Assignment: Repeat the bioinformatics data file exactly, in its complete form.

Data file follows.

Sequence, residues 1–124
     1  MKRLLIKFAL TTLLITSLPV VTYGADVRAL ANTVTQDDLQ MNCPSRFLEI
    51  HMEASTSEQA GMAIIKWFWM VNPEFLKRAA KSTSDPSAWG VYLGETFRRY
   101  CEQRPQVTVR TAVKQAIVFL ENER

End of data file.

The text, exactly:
Sequence, residues 1–124
     1  MKRLLIKFAL TTLLITSLPV VTYGADVRAL ANTVTQDDLQ MNCPSRFLEI
    51  HMEASTSEQA GMAIIKWFWM VNPEFLKRAA KSTSDPSAWG VYLGETFRRY
   101  CEQRPQVTVR TAVKQAIVFL ENER